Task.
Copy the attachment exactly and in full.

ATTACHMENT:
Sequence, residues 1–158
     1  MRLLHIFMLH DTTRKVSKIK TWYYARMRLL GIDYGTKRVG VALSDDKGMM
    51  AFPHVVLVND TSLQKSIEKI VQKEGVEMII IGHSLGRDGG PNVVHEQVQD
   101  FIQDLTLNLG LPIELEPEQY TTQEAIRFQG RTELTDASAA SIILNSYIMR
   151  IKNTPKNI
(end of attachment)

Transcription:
Sequence, residues 1–158
     1  MRLLHIFMLH DTTRKVSKIK TWYYARMRLL GIDYGTKRVG VALSDDKGMM
    51  AFPHVVLVND TSLQKSIEKI VQKEGVEMII IGHSLGRDGG PNVVHEQVQD
   101  FIQDLTLNLG LPIELEPEQY TTQEAIRFQG RTELTDASAA SIILNSYIMR
   151  IKNTPKNI